Aladdin (1992) 4K Ultra HD | Blu-ray
Director: Ron Clements, John Musker
Writer: Ron Clements, John Musker, Ted Elliott, Terry Rossio
Cast: Scott Weinger, Robin Williams, Linda Larkin, Jonathan Freeman, Frank Welker, Gilbert Gottfried, Douglas Seale
Distributor: Walt Disney Studios
Rated G | 90 Minutes
Release date: September 10, 2019
Disney adapting their animated classics into live-action films are sometimes predicated on the critical and commercial success of the predecessor, though the studio’s recent wave of live-action adaptations has been met with varying degrees of success. But what matters most is how these films perform at the box office, and as long as they at a hit, the studio will come out with more and more. And, of course, none of these live-action films would be here without their animated origins.
Take, for instance, 1992’s Aladdin, before we can get into reviewing the live-action film from Guy Ritchie (to come soon), we must look back at the animated film by Ron Clements and John Musker. Considered to be one of the best from the Disney film era known as the Disney Renaissance, Aladdin is a beautifully animated musical that continues to hold up well. But with new technologies and televisions bringing us higher definition and better picture quality, it was only a matter of time before Disney started to go back in their vaults to release upgraded versions of their greatest hits.
Back in May, Disney gave their classic animated hit Aladdin a live-action makeover by director Guy Ritchie. Now, both versions of the film will be getting a release on Digital, Blu-ray, and 4K Ultra HD this Summer.
Both versions of the film will be released to Digital and Movies Anywhere on August 27, 2019 and in 4K Ultra HD, Blu-ray, and DVD edition on September 10, 2019. The 1992 animated film will be a part of the studio’s Walt Disney Signature Collection, and will be available for the first time in 4K Ultra HD.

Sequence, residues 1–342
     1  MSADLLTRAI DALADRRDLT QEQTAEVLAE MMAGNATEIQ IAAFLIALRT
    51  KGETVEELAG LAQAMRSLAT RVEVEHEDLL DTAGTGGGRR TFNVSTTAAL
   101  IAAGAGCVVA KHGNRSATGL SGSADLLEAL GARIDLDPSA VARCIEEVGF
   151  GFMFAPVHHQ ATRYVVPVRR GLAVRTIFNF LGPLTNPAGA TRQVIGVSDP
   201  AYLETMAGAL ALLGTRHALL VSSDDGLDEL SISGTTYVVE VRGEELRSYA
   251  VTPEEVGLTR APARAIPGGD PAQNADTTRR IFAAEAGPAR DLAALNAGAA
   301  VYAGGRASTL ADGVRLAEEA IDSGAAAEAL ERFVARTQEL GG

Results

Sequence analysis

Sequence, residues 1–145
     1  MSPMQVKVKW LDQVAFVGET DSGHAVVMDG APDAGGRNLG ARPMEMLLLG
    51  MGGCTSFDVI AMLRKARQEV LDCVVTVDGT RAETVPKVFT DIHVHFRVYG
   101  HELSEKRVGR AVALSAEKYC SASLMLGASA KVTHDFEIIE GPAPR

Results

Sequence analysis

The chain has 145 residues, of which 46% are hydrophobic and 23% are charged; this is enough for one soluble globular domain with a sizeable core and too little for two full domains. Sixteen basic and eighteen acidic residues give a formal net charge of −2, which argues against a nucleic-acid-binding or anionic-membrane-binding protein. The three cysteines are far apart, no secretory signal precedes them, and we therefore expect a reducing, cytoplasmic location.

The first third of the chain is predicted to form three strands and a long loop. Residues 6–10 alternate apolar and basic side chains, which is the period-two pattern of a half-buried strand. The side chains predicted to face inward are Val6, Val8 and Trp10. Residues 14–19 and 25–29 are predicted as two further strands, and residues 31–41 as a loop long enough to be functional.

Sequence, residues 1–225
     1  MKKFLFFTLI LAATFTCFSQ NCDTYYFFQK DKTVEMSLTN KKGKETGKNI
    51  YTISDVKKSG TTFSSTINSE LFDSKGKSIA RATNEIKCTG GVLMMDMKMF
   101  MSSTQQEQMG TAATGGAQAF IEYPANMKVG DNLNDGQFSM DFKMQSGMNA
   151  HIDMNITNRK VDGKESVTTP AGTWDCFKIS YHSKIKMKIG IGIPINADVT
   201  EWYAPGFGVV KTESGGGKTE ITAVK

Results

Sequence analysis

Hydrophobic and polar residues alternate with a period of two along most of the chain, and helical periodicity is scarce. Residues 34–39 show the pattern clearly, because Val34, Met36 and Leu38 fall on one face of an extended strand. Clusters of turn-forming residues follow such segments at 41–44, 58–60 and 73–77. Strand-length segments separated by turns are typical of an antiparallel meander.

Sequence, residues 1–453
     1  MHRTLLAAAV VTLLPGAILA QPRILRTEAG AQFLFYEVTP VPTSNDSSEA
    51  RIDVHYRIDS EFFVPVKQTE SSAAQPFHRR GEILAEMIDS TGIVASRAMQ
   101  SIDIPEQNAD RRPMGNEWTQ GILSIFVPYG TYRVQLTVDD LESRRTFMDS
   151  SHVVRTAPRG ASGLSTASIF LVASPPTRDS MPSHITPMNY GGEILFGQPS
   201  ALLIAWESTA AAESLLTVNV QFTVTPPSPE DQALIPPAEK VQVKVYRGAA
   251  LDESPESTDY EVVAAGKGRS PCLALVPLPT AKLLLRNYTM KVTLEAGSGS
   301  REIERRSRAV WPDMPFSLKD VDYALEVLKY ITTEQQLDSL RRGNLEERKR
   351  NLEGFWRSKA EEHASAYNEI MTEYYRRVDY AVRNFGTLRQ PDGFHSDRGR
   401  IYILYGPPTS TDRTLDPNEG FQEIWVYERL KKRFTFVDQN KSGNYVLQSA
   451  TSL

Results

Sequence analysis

Garry Marshall, who brought some of the most remembered and successful sitcoms of the 1970s to American television and directed some notable films such as Pretty Woman, died on Tuesday in Burbank, CA, of complications from pneumonia following a stroke, according to Variety. He was 81.
Marshall’s programs, which pretty much dominated ABC-TV for the entire decade of the 1970s, consisted of The Odd Couple and Happy Days and its spinoffs, Laverne and Shirley and Mork and Mindy. With each of them came a kind of innocuous hilarity that had healthy doses of mild slapstick, easily resolved narratives, and always an emphasis on a slight surreal aspect of fun. Unlike say the socially conscious programs of the time that were being churned out by the stable of TV pioneer Norman Lear (like All in the Family and Maude), Marshall’s sitcoms, although they were rather perfunctory and innocuous by way of social redemption or awareness, held almost equal footing in terms of ratings success. And indeed, like many of the characters on Lear’s programs (Archie Bunker, Maude, Fred Sanford), Garry Marshall also helped create and was instrumental in bringing characters that were and have remained almost as iconic, such as The Fonz, Mork from Ork, Laverne, and Shirley.
Last year, I shared with you readers some of my favorite editions of Disney In Depth over the course of the past several years. But those selections only scratched the surface. I take pride in each piece I write, though some, of course, especially excite me. Let’s revisit some more editions that take us from Disney-related destinations across the country, to areas within our own lives and recollections.
These are films we all return to again and again because of their impact on The Walt Disney Company. Here are some my favorite characters, scenes, and elements in a Disney 1990s Animated Films Showdown.